Star Trek III The Search for Spock : A Fancast Review


As I am watching this movie in the middle of the night, one thought struck me. If you take the previous movie Wrath of Khan, this movie and the next movie The Voyage Home and watch them in a row, it feels like one movie, a la Lord of the Rings. This could literally be a Star Trek trilogy. The events of The Wrath of Khan lead to the events of The Search for Spock and The Voyage Home begins immediately after this film.

Released in the summer of 1984, Star Trek III: The Search for Spock begins with the USS Enterprise returning to spacedock on Earth after the events of The Wrath of Khan.



The ship is battered, but functional and because of the political fallout of the new Genesis planet created in the Mutara system, Starfleet orders the crew not to discuss the mission and that travel would be restricted to the system by Starfleet itself. While Spock and the crew try to adjust to not having Spock on the ship, someone breaks into Spock’s quarters.

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It turns out that Dr. McCoy has not taken Spock’s death well and has been sitting in the Vulcan’s quarters talking to himself in Spock’s voice, chiding Kirk for leaving him behind. Kirk takes McCoy to get help.

To add insult to injury, the crew is being re-assigned and the ship itself is scheduled to be decommissioned in favor of the new Excelsior class ship. Scotty is assigned to oversee engineering on the Excelsior, a prospect he does not look forward to.


Kirk invites the remaining commend crew to his home for a drink in remembrance of Spock. During the celebration, Spock’s father Sarek arrives and demands to speak with Kirk alone. Apparently, in the event of the eminent physical death of a Vulcan, they can transfer their essence or katra to another vulcan if the body can be saved.

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Meanwhile, a cargo ship is waiting for a rendezvous with a mysterious ship in order to deliver stolen data. The ship turns out to be a Klingon Bird of Prey which promptly destroys the cargo ship after receiving the data.


The Klingons led by Commander Kruge see the Genesis planet and the technology used to create it as a threat to their existence if used as a weapon and the possibility of expanded Federation colonies along the Neutral Zone. Kruge sets a course for the Genesis planet.


The USS Grissom is scanning the planet and Lt Saavik detects a lifeform reading coming from the planet below in the location of Spock’s casket. She beams down to the planet with Kirk’s son and Genesis device scientist David Marcus and they discover a small child who they determine to be Spock. Spock’s physical body was regenerated by the planet, but in doing so, has connected him to the planet and its rapid aging.


Kirk, meanwhile, investigates the events that led to Spock’s death and determines that he transferred his katra to McCoy before entering the radiation chamber.


So Dr. McCoy has been carrying around Spock’s soul in his mind and he’s starting to go a little nutty. He attempts to charter a ship to take him to Genesis and he is arrested by Starfleet security and taken to a mental hospital.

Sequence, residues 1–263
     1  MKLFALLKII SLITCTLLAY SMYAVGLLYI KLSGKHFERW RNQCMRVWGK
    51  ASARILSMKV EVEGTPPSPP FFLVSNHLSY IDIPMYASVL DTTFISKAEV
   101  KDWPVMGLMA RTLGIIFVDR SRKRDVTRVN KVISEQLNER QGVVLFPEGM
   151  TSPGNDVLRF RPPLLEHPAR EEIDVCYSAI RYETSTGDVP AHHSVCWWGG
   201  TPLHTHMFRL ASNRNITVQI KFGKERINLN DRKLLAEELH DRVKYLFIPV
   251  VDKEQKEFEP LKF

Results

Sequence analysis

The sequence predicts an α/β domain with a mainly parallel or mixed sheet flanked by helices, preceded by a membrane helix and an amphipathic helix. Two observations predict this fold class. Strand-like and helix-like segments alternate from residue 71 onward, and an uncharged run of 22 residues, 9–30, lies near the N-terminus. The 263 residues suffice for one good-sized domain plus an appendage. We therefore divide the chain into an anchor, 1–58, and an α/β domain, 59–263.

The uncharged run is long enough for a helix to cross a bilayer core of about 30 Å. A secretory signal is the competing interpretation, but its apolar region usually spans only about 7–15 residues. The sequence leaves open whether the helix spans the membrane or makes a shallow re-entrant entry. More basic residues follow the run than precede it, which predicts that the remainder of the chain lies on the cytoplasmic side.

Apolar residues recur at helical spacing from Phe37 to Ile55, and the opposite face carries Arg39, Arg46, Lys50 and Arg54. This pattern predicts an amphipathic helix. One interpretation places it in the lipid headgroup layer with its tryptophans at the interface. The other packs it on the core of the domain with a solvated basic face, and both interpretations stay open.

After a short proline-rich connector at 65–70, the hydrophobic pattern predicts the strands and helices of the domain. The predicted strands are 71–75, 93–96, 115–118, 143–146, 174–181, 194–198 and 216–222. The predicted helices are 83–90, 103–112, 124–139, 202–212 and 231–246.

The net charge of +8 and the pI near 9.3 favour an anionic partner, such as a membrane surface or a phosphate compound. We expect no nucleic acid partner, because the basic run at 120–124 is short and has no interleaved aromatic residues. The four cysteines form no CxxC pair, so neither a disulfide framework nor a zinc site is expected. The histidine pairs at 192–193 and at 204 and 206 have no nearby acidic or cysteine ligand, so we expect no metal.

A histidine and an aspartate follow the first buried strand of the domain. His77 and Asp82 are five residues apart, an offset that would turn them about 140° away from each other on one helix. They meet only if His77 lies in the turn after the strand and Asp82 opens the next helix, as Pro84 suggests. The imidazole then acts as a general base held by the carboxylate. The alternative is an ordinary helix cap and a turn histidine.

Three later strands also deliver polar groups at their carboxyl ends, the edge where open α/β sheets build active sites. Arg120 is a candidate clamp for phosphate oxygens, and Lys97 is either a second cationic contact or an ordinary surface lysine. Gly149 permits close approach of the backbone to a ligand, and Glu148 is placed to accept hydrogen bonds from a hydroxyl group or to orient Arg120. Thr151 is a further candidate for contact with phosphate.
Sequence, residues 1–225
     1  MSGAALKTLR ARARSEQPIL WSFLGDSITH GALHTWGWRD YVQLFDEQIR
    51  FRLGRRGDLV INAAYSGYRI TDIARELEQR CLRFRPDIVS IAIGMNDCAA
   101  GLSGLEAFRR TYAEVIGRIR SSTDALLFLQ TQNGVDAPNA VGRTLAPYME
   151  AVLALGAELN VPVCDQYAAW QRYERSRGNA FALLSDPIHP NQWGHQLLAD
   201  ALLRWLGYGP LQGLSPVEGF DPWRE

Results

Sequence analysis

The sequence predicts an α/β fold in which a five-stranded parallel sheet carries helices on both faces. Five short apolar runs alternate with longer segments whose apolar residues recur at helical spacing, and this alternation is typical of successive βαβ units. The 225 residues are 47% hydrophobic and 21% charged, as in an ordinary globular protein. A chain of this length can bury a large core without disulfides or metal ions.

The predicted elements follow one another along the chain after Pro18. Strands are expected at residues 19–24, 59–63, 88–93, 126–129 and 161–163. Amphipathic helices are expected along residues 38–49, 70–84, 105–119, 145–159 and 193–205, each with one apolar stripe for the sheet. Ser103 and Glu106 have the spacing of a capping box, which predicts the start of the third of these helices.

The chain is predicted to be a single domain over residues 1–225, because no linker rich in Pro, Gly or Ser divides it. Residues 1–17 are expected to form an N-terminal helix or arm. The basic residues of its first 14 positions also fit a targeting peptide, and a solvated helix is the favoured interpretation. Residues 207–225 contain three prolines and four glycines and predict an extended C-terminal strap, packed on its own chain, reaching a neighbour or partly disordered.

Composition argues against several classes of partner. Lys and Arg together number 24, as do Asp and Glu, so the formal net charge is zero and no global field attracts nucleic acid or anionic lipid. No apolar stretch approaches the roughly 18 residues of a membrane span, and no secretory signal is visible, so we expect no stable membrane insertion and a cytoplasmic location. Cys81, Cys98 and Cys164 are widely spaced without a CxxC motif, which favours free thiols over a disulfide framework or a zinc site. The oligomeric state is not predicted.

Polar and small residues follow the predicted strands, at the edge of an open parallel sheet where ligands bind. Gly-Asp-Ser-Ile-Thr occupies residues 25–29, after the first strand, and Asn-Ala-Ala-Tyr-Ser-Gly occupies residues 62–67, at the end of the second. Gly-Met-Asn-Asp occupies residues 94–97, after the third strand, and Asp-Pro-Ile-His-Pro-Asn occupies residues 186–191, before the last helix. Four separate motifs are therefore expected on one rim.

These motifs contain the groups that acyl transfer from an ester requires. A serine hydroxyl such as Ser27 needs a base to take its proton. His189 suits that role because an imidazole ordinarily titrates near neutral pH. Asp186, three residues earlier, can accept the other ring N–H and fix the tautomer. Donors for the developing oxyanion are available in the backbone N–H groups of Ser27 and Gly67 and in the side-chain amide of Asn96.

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Why isn’t this working?

After being rejected by Starfleet, Kirk and crew decide to do something desperate. They steal the Enterprise, break out McCoy and disable the Excelsior to prevent them from being followed.

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Sulu Flip!!!


Uhura’s resting bitch face while she sticks your condescending butt in the closet.

So here’s when things get a little weird, but only if you know anything about Vulcans. See pre-pubescent Vulcans make a transition to puberty called Pon Farr. This basically means that their emotions get amplified and they get aroused. Unfortunately, the only way to relieve this affliction is for the male to mate. As Spock is going through this hard-core, so is the planet.


Makes you wonder what Saavik and young Spock were doing while David was searching for the Klingon landing party.

Enterprise, using mostly automated systems and a crew of 5 reach the planet and discover that the Grissom has been destroyed and Saavik, Spock and David are being held captive by Kruge. Kirk decides that he’s not about to get caught with his pants down again, so he strikes first. After battling the Klingon’s to a stalemate, Kruge decides to murder one of the hostages to force Kirk to surrender.

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After David sacrifices his life trying to fight one of the Klingons, Kirk decides to surrender the Enterprise. Still not accepting a no-win scenario, he initiates the self-destruct sequence. Kruge sends over his entire crew to take the ship with the exception of himself and the transporter operator. You can see what happens below.

Kirk and his crew make it to the planet and free the hostages.

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Kruge beams down to the planet to confront Kirk. After he beams the rest of the crew aboard, they proceed to have one of the most ridiculous fights I have ever seen on-screen.


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Kirk beams to the Klingon ship and they escape as the planet explodes. The crew returns to Vulcan so that they can put Spock’s soul back into his body.


Spock returns and starts to slowly remember his friends. Happy endings all around, I guess.

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This isn’t one of my favorite Star Trek films, but it works at trying to move the overall story along. There are some good moments that redeem some of the weaknesses of the first film, so I would recommend giving it a watch.


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